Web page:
Did You Know… Who’s Bugging You?
Grow plants, and sooner or later you are inevitably going to encounter insect pests. While only about 5% of the known million species of insects are considered harmful to people, there seems to always be an abundance of pests ready to wreak havoc on our ornamental and food plants.
Did you know that those pests often leave behind clues that aid us in their identification? For instance, examination of the plant damage may help us distinguish between chewing and rasping or sucking insects, because the chewers leave ragged holes in leaves. Feeding by insects with piercing or sucking mouthparts result in distorted leaves, tiny pinpricks on the leaves, or distortion called “catfacing” on fruit. In the case of caterpillars, the size of the chewed holes often corresponds to the size or developmental stage of the offending insect.
Other damage types caused by insects include plant damage caused by egg laying or by habitat creation. Each of these damage types is recognizable if you know what to look for- and tuning into these clues can help professional growers and homeowners alike to determine the answer to an important garden pest question: “Who’s Bugging You?”
An army general would not hastily lead troops off to battle without identifying the enemy; nor should we, in our battle against bugs, hasten for a treatment without knowing what we are dealing with. Treatment without proper identification can lead to wasted dollars spent on applications and chemicals that can’t to the job because they are matched to the wrong pest; such inappropriate treatment can also lead to insecticide resistance and even pollinator toxicity.
With a million-plus insect species out there, and a few hundred thousand in North America alone, the idea of identifying pest insects might seem overly daunting to a grower, plant professional, or green-thumbed homeowner. Did you know that your local Cooperative Extension Service team includes an entomologist, as well as access to the talent and resources of the Entomology Department at North Carolina State University? We can help you figure out not only who’s bugging you, but what to do about it!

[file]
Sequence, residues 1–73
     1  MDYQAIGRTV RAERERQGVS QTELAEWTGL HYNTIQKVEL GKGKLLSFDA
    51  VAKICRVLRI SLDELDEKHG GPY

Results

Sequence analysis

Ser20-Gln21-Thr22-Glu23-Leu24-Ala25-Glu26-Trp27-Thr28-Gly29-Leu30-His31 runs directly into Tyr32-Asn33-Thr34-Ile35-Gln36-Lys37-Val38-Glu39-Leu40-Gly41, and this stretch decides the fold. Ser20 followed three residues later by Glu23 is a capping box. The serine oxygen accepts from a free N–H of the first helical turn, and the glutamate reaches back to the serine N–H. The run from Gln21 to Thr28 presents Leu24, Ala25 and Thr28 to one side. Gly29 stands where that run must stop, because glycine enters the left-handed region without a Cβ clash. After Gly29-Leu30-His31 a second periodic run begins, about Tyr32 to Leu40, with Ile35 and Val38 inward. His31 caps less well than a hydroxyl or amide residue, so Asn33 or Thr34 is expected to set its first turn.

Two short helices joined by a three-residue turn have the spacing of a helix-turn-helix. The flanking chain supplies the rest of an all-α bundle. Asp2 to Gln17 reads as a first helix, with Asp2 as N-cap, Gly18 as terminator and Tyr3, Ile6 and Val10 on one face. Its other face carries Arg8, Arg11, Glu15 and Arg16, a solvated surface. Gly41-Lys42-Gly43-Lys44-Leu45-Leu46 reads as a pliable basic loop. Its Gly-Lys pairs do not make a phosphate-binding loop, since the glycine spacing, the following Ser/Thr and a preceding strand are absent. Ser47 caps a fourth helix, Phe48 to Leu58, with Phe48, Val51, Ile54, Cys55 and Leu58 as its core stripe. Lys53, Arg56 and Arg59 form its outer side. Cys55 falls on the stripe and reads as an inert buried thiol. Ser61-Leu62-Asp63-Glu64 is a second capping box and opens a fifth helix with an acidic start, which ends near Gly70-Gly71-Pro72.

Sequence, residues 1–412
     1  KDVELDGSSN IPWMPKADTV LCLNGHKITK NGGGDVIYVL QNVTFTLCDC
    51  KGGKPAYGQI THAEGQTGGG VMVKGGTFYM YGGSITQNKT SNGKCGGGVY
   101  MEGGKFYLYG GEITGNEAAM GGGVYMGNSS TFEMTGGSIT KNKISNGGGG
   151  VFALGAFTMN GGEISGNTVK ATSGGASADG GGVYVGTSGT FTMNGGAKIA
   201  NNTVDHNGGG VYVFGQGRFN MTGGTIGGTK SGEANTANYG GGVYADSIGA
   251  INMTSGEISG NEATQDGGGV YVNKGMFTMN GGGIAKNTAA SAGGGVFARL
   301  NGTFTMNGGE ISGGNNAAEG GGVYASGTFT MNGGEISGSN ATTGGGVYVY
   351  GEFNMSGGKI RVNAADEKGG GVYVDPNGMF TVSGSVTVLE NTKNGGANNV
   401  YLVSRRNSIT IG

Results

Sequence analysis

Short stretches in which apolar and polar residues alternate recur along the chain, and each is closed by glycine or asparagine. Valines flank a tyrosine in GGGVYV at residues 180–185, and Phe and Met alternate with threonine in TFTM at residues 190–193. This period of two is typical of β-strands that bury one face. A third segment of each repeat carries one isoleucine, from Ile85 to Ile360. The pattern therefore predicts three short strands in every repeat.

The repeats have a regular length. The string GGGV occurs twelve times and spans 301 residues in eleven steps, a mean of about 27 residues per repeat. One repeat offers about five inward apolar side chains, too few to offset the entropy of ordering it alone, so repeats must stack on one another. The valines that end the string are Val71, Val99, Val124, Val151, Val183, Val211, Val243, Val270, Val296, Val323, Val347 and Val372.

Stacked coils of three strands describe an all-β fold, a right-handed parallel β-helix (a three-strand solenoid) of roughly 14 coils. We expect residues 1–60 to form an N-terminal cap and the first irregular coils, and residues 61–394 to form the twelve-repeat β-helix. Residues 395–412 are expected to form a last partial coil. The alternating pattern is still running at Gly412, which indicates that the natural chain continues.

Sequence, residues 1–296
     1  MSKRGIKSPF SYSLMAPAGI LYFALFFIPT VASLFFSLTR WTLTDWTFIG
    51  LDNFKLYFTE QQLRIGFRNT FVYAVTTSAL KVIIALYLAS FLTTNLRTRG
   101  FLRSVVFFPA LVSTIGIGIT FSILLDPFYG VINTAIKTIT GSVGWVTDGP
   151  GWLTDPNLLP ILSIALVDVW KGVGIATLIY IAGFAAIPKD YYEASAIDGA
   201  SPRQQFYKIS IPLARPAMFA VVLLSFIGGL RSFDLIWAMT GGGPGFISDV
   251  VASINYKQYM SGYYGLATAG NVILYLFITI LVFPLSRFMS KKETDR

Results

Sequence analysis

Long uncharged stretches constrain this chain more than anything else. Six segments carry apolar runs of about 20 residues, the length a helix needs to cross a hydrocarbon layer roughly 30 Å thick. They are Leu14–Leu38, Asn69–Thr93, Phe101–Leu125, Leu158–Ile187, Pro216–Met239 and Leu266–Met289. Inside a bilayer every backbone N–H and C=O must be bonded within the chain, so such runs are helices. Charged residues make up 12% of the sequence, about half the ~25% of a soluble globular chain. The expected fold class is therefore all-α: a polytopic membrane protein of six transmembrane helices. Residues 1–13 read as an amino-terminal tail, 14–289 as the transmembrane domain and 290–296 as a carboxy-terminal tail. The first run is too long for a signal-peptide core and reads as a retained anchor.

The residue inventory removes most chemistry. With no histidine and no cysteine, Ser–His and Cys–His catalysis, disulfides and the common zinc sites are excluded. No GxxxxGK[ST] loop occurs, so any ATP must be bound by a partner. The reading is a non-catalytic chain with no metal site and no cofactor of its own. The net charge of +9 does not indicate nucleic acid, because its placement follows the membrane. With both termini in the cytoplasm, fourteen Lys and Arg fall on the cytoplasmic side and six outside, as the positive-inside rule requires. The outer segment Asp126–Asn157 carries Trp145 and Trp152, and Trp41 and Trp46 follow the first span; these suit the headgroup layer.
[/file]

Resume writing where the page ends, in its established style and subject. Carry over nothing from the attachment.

To help demystify the clues that damaging insects leave behind, your Cooperative Extension Service has prepared a program for you. Whodunit? Examining Insect Damage Clues is being offered at the Jones County Extension Center, 110 Market Street, on Tuesday, April 9 from 1-3 p.m., and should be of interest to both professionals and home gardeners alike. This program will have a heavy focus on ornamental plants, but many of the examples have counterparts in field crops, and the methods used to distinguish damage types will be useful to growers of many different kinds of plants.
To register for the class, call 252-448-9621. There is no charge to attend. Commercial Pesticide Operator recertification credits will be available for those who need L, N, O, D, or X credits. Take this opportunity to untangle the clues left behind by damaging insects and find out Whodunit in your garden!
North Carolina State University and North Carolina A&T State University commit themselves to positive action to secure equal opportunity regardless of race, color, creed, national origin, religion, sex, age, veteran status, or disability. In addition, the two Universities welcome all persons without regard to sexual orientation. North Carolina State University, North Carolina A&T State University, U.S. Department of Agriculture, and local governments cooperating.
This article will be published in the Jones Post newspaper on April 4, 2013 and was written by Nicole Sanchez, Area Agent – Commercial Horticulture.